A Better Plan Is Needed For Quarry Golf Course At Mountain Creek

Friday, December 6, 2019

With regard to the ongoing saga of the old Quarry golf course and its proposed development, I reject the proposed plan endorsed by the North Chickamauga Creek Conservancy (Chattanoogan - Breaking News 11/30/2019) and believe a better outcome can be achieved. There is a middle ground that involves all R-1 construction including preserving the tree, greenspace, streams and ponds.  The NCCC position is not in alignment with the Friends of Mountain Creek position and the compromise to which is alluded in the article is not consistent with the wishes of several thousand signatories to the FOMC petition.

However, in a perfect world, I prefer that the Quarry remain a recreational greenspace available to all, as it has been for generations. Mr. Pratt should accept FOMC’s offer to buy the property to create a conservation easement or create that easement himself.  

If you have not lived in this area you cannot understand the beauty of this acreage and the abundance of wildlife it supports. Canadian geese annually flock to the waters to lay their eggs and raise their goslings. River otters have been videoed plating in the creek just downstream from the ponds; kingfishers hunt here frequently. Herons, red-shouldered hawks and egrets can be found as well as snapping turtles. Deer roam the area as do other mammals including bobcats. The plan NCCC endorses will destroy most of this habitat.

Considering NCCC is a conservancy, why in God's name would they endorse a plan that would do basically nothing to conserve this beautiful area, but instead virtually destroy it? Is it due to short-sightedness, not willing to see the big picture outcome of gaining a parking lot while losing this extremely valuable habitat? Or is the sweetness of a quid pro quo an offer that can’t be refused? I encourage NCCC to rethink their stance in this matter, if conservation is actually something that you stand for.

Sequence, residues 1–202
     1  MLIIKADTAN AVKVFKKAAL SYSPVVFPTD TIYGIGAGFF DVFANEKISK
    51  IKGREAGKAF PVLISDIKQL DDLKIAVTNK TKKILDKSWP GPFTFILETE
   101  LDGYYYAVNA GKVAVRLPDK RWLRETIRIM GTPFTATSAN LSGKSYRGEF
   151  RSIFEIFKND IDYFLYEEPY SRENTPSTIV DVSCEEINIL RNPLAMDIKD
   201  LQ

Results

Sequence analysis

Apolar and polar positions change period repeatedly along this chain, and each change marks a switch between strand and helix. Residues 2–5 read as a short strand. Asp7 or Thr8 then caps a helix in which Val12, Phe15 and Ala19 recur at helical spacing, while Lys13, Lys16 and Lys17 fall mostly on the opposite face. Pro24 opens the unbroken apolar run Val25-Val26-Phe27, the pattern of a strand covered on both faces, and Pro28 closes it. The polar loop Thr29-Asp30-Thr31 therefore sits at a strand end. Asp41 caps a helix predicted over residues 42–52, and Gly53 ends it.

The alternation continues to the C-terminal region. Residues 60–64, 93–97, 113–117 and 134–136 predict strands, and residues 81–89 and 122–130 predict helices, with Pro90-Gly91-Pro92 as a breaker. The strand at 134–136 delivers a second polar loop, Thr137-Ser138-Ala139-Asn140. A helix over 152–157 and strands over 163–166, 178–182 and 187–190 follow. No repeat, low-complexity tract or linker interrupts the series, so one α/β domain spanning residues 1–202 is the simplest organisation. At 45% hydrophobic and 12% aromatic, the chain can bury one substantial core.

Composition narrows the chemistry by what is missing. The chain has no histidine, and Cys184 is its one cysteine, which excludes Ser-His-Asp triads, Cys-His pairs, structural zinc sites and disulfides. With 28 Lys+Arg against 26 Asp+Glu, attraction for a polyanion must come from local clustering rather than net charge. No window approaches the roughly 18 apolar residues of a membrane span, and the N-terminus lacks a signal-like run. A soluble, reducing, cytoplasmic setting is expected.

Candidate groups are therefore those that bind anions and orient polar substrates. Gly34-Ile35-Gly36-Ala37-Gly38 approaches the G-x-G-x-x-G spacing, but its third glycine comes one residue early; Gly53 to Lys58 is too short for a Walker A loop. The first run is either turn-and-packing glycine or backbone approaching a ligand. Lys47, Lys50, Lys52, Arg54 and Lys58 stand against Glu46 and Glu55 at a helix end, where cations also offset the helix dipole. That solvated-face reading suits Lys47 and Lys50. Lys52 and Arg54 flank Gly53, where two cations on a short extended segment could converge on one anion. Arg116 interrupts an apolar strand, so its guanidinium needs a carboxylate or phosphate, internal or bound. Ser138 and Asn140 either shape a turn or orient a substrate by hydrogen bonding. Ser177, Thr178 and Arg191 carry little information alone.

These quotes are from the NCCC website:

"Each blade of grass has its spot on earth whence it draws ITS LIFE, ITS STRENGTH..."

"Conservation is a wide field of study and action that includes the effort to preserve natural environments that border on human developments."

"...remain aware of the world around us, to realize our part in contributing to the unbalance, and to consciously work to minimize our own impact on the natural world while doing what we can to repair it, too."

"The watershed represents some of what is best on the planet..."

"NCCC has protected over 14,000 acres throughout the watershed and takes pride in its historical successes, while being ever mindful of the future and the following generations."

"Through scientific, regulatory, historical, and other thoughtful mechanisms, NCCC strategically chooses an activist approach to all work relative to the ecological base of the watershed."

Now, when these statements are considered in light of the NCCC position regarding the Quarry, I cannot but help note a bit, perhaps a large bit, of hypocrisy in the NCCC position. It is not my intention or desire to offend or impugn the Conservancy, however...seriously? The Conservancy can make all of these statements and then support a position that is counter to them all - for the sake of a parking lot?

Furthermore, is NCCC not familiar with the current lawsuit against the developer due to claimed destruction and theft of property at one of his newer developments? Does this not raise a potential red flag?

I can understand somewhat the willingness to embrace this apparent bait-and-switch and how it must seem like a good deal for NCCC. But please consider the negative implications to wildlife, the residents and to the peace and beauty that can remain if this land is, at best, left unmolested and, at worst, developed sensibly with adequate greenspace. Once it's gone - it's gone. 

I trust that the Conservancy governance will carefully consider their position going forward. This actually could be a "watershed" moment for the organization. Frankly, I would think there could be PR blowback from the NCCC current position, but that's just one man's opinion.

I have offered my personal opinions in this piece and trust that others will look more deeply into this matter. If your opinions align with my own, I would encourage you to make them known to NCCC staff and to contact Friends of Mountain Creek.

In closing, I am probably close to twice the age of most NCCC staff. I have belonged to and financially supported at least seven different environmental organizations in my lifetime, serving as board member and vice-president of one of those organizations. I am also a mountain biker and kayaker. Knowing what I know about the overall situation, as an avid environmentalist and outdoorsman, I would never take the NCCC position. I implore them to reconsider.

And, finally a quote from Leo Tolstoy: “One of the first conditions of happiness is that the link between man and nature shall not be broken.”

Gregory Smith

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